32. Most iPhone-case manufacturers don’t get advance notice from Apple about new designs; they rely on rumours. Case-maker Hard Candy went out of business after producing 50,000 custom-moulded cases for a leaked iPhone design that never appeared.
  33. When they launched, both Mastercard and Visa were not-for-profit membership organizations.
  34. Projects at the ‘Stupid shit that no one needs and terrible ideas’ hackathon in February included a browser plugin that hides content but shows ads, a 3D cheese printer, and a Dark Web wedding list service.
  35. The Edit has sold 50,000 vinyl records though an SMS chatbot.
  36. Those beautiful tree-covered skyscrapers probably won’t look as good in real life as they do in the renders.
  37. There is a 2,150-member Facebook group called “WE WANT TESCO IN PORTREE, ISLE OF SKYE.”
  38. To reduce PTSD in drone pilots, military psychologists have considered developing a Siri-like app for the pilots. The pilots would “let crews shunt off the blame for whatever happens. Siri, have those people killed.”
  39. Women launch more than half of all new internet companies in China.
  40. A Swiss perfume company worked with the Gates Foundation to create an artificial scent that smells exactly like a pit latrine.
  41. Studying a $50 smartphone that sends text messages to China every 72 hours, experts said: “It is not clear whether this represents secretive data mining for advertising purposes or a Chinese government effort to collect intelligence.”
  42. Japan Airlines serves KFC to economy-class travellers during the Christmas season. The in-flight KFC has 15% more salt to compensate for the lower pressure and humidity.
  43. At least one Silicon Valley company employs a receptionist who lives in New Delhi and appears in their offices via telepresence robot.
  44. The cure for scurvy (citrus fruit) was discovered and proved in 1601 by Captain James Lancaster. The innovation wasn’t adopted across the British Navy and Merchant Navy until 264 years later, in 1865.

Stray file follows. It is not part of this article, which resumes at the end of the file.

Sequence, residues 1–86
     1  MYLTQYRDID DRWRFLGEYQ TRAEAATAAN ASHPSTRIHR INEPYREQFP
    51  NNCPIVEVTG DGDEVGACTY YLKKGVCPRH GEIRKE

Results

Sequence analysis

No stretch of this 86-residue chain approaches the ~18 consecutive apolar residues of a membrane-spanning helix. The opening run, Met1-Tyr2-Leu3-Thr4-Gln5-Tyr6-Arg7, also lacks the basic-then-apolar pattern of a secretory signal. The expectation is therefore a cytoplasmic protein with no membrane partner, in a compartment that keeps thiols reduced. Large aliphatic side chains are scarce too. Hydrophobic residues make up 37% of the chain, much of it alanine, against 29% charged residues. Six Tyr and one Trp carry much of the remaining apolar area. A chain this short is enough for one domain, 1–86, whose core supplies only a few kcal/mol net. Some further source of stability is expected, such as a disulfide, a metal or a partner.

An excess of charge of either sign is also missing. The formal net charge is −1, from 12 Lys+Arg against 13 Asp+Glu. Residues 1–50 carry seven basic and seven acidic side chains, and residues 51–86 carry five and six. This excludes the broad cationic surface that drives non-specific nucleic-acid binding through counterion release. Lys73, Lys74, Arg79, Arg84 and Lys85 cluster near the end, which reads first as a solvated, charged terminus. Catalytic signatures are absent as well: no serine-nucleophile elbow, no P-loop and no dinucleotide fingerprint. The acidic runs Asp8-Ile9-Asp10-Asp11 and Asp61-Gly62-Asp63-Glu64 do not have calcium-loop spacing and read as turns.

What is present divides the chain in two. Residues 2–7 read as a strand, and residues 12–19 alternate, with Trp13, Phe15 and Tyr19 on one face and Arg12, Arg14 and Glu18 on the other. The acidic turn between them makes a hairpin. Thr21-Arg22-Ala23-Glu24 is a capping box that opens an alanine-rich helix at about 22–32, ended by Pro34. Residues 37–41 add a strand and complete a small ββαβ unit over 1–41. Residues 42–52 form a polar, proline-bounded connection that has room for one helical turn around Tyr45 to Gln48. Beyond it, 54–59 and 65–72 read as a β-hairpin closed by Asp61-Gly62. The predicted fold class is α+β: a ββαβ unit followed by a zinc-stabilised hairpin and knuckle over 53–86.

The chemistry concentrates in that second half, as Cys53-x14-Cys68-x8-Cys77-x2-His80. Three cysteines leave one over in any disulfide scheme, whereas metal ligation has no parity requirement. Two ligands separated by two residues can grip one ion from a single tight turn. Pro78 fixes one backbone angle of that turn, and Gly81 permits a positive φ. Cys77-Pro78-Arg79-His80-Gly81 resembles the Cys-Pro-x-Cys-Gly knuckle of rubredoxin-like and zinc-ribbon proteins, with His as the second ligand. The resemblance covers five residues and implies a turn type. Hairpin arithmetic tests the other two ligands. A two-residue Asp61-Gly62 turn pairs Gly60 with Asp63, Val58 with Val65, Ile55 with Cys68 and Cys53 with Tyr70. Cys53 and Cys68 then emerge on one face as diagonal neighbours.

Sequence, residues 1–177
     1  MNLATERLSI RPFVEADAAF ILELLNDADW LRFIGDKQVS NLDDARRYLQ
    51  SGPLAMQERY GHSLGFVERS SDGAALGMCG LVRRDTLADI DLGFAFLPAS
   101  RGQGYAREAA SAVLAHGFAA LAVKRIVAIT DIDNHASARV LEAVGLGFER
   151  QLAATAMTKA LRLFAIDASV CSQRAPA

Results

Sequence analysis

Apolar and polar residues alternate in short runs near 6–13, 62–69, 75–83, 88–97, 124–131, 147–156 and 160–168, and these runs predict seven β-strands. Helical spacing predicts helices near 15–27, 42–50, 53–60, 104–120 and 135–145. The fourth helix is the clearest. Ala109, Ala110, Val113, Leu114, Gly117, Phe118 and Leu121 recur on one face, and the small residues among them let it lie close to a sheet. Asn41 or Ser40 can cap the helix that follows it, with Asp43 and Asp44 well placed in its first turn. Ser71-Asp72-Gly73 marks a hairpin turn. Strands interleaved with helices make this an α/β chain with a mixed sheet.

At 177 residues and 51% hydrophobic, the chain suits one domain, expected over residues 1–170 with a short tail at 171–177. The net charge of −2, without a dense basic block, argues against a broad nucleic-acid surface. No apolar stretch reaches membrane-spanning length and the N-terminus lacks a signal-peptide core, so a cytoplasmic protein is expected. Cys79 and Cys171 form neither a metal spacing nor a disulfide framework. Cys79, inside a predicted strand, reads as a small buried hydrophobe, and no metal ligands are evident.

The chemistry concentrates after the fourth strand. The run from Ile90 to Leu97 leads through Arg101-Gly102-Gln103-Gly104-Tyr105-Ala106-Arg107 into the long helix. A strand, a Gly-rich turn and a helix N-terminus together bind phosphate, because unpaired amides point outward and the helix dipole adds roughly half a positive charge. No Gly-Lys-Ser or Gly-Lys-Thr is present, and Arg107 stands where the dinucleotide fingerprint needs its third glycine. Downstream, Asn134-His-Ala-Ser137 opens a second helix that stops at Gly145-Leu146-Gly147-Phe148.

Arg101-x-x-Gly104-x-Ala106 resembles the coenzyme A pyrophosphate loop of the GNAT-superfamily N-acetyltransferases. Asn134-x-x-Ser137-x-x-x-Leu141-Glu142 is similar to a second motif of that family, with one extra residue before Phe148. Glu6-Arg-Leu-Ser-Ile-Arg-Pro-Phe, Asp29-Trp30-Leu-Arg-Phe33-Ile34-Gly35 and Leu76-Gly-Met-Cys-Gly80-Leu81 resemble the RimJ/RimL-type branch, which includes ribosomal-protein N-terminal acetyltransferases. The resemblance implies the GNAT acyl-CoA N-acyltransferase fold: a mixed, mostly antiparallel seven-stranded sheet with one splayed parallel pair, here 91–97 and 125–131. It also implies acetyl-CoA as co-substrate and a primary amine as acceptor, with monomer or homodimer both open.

45. Chinese live-streaming services have banned “erotic banana eating.”
  46. A Dutch bike manufacturer reduced shipping damage by 70–80% by printing a flatscreen TV on their boxes.
  47. A town in New York State plans to spend $167,000 a year hiring Ubers for commuters, to avoid spending $15m building them a new car park at the station.
  48. Intervision, the 1970s Soviet answer to the Eurovision Song Contest, was judged by electricity-grid voting: “Those watching at home had to turn their lights on when they liked a song and off when they didn’t, with data from the electricity network then being used to allocate points.”
  49. In rural China, farmers sometimes steal natural gas in huge plastic bags. A bag of natural gas is enough fuel for up to one week.
  50. iPhone maker Foxconn has replaced more than half its workforce with robots since the iPhone 6 was launched.
  51. Instead of batteries, the ARES project in Nevada uses a network of train tracks, a hillside, and electric trains loaded with rocks to store wind and solar power. When there is a surplus of energy, the trains drive up the tracks. When output falls, the cars roll back down the hill, their electric motors acting as generators.
  52. The Earth has 7.6 billion mobile accounts for 7.3 billion people.